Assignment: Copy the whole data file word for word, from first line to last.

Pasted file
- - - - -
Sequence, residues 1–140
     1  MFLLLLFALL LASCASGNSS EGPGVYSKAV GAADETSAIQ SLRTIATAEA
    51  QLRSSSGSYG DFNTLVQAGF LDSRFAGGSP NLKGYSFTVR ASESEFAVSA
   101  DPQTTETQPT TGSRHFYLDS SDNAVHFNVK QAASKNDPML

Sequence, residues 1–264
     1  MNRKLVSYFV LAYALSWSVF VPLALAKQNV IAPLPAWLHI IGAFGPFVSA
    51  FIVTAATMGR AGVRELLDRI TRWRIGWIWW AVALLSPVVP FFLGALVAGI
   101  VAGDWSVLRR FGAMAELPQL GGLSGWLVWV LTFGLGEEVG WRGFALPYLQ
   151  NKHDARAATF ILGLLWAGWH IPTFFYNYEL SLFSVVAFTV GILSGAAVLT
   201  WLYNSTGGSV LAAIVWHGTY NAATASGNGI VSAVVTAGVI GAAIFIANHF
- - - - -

Sequence, residues 1–140
     1  MFLLLLFALL LASCASGNSS EGPGVYSKAV GAADETSAIQ SLRTIATAEA
    51  QLRSSSGSYG DFNTLVQAGF LDSRFAGGSP NLKGYSFTVR ASESEFAVSA
   101  DPQTTETQPT TGSRHFYLDS SDNAVHFNVK QAASKNDPML

Sequence, residues 1–264
     1  MNRKLVSYFV LAYALSWSVF VPLALAKQNV IAPLPAWLHI IGAFGPFVSA
    51  FIVTAATMGR AGVRELLDRI TRWRIGWIWW AVALLSPVVP FFLGALVAGI
   101  VAGDWSVLRR FGAMAELPQL GGLSGWLVWV LTFGLGEEVG WRGFALPYLQ
   151  NKHDARAATF ILGLLWAGWH IPTFFYNYEL SLFSVVAFTV GILSGAAVLT
   201  WLYNSTGGSV LAAIVWHGTY NAATASGNGI VSAVVTAGVI GAAIFIANHF